Historical Figures: Harriet Beecher Stowe

Introduction

People who are referred to as “historic figures” are often political or military leaders, although they are not always the ones who make history.

For historians, there is a risk that, by looking only at the actions of kings or presidents, they will overlook the influence of people who, although they did not have any formal political power, managed to launch processes of truly historic importance. One such individual is Harriet Beecher Stowe, the author of the famous 1852 novel Uncle Tom’s Cabin. By drawing the nation’s attention to the conditions under which slaves were living, Stowe inspired the free states to oppose slavery more fiercely and provoked much indignation in the southern states. An abolitionist and a woman of strong humanistic beliefs, Stowe made a large contribution to the abolition movement and to the culture of the nation that eventually condemned slavery.

For her outstanding achievement in raising awareness and convincing Americans of the inhumanity of slavery, Stowe deserves to be depicted on one of the currency bills of the United States.

Body

Harriet Beecher Stowe represents the entire abolition movement as she has become one of the symbols of the struggle against slavery.

The abolition movement brought different people together on the basis of their humanistic beliefs, and it should be noted that it was not only a political movement (i.e., a movement to accomplish a certain amendment to the American Constitution) but also a movement led by ethical principles.

In her work, Stowe drew attention to unspoken issues.

From a historical perspective, it is important to understand that not all the people in the United States in the Antebellum Era realized how cruelly many slaveowners treated their slaves.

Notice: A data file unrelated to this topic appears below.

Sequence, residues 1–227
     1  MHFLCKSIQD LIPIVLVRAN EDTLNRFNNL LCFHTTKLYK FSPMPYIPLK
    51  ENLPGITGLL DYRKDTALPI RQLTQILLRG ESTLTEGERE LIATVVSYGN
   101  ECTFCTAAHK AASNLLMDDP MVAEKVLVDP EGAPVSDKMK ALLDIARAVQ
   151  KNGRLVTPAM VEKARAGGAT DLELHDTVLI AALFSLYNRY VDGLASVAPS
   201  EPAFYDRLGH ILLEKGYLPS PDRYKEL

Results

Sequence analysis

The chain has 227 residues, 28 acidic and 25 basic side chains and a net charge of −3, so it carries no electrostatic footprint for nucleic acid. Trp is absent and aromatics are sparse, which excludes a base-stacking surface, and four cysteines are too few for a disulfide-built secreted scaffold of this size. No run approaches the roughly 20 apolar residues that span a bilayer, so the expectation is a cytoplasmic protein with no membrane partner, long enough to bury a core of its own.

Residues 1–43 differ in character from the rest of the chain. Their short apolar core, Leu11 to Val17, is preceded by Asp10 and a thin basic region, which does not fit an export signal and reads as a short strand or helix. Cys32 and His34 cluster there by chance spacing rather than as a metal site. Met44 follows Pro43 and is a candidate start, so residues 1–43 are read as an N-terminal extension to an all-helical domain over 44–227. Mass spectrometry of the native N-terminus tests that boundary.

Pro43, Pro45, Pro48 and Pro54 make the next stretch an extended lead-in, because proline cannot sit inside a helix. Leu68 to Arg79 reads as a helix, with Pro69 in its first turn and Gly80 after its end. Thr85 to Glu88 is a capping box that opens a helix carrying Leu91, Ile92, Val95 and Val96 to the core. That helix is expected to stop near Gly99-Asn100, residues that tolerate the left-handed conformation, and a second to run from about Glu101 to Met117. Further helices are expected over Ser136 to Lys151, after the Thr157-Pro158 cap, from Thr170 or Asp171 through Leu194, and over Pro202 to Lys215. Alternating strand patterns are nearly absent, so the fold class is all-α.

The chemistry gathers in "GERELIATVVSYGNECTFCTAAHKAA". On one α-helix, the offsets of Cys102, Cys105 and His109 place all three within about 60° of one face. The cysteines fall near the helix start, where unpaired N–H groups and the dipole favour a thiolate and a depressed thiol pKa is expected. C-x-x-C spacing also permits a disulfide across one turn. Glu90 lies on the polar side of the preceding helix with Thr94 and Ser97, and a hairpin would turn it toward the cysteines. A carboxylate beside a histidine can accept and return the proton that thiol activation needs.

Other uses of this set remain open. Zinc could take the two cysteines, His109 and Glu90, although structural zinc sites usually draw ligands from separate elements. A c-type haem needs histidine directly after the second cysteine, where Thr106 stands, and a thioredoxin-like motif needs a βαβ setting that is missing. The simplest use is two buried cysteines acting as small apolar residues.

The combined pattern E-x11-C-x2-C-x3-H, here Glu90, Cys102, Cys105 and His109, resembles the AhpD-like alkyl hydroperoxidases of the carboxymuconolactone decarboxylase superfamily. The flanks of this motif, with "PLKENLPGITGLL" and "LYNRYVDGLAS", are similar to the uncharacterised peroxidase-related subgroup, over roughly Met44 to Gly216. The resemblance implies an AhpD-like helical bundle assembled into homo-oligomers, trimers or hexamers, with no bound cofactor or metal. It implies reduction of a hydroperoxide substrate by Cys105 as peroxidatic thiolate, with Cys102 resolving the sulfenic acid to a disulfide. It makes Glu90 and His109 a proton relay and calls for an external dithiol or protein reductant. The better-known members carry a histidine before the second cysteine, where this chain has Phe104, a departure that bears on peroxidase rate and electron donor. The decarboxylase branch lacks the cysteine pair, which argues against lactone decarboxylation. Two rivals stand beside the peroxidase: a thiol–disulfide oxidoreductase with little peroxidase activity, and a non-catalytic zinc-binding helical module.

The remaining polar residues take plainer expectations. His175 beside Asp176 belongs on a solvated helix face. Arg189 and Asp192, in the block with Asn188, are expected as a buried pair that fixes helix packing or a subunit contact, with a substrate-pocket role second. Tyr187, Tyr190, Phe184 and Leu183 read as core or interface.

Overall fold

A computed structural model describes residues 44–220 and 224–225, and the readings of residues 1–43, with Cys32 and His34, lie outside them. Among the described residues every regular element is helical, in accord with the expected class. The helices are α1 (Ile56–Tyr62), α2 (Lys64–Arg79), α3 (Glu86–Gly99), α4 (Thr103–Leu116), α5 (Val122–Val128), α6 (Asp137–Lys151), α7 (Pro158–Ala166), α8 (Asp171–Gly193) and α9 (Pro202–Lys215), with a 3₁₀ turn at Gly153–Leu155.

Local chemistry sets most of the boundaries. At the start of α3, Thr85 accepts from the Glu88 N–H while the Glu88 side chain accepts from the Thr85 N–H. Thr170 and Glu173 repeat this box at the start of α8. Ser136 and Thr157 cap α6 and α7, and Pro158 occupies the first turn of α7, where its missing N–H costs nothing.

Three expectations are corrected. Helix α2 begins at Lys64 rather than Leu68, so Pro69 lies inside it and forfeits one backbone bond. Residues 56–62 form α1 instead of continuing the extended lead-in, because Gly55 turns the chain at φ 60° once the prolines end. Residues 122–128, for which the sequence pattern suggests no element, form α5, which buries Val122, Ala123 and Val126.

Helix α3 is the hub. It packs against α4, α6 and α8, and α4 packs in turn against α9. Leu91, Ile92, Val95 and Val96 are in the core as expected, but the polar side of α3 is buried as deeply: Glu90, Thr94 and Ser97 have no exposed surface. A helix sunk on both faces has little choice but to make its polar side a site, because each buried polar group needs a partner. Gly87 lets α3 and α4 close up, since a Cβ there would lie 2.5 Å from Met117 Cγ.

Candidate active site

Apart from being an author, Stowe acted as a political activist, spreading the knowledge that she had gained from examining the lives of slaves in the South.

Stowe spent much time seeking out evidence of cruel treatment toward slaves in the South, and she eventually chose to translate those materials into fiction because she thought that storytelling, as opposed to newspaper stories or public speeches, would be a more powerful tool for reaching and convincing audiences.

For future generations, Stowe created impressive and appealing works that can be used in any era to teach young people about humanistic values.

Conclusion

Re-formulating the thesis statement: Harriet Beecher Stowe is an individual who should appear on one of the bills of U.S. currency because she has become a symbol of the struggle for freedom in the United States.

Her example is particularly appealing because she was not an elected official or a representative of a strong political interest group. She was a writer, and her main interest was to rid the American nation of the inhumane practice of treating human beings as property. Stowe managed to create moving works that were fictitious but had a more significant effect than political speeches or manifestations because they appealed to the emotions of people. She was a woman who made the abolition movement stronger and shaped the nationwide consensus that slavery was unacceptable.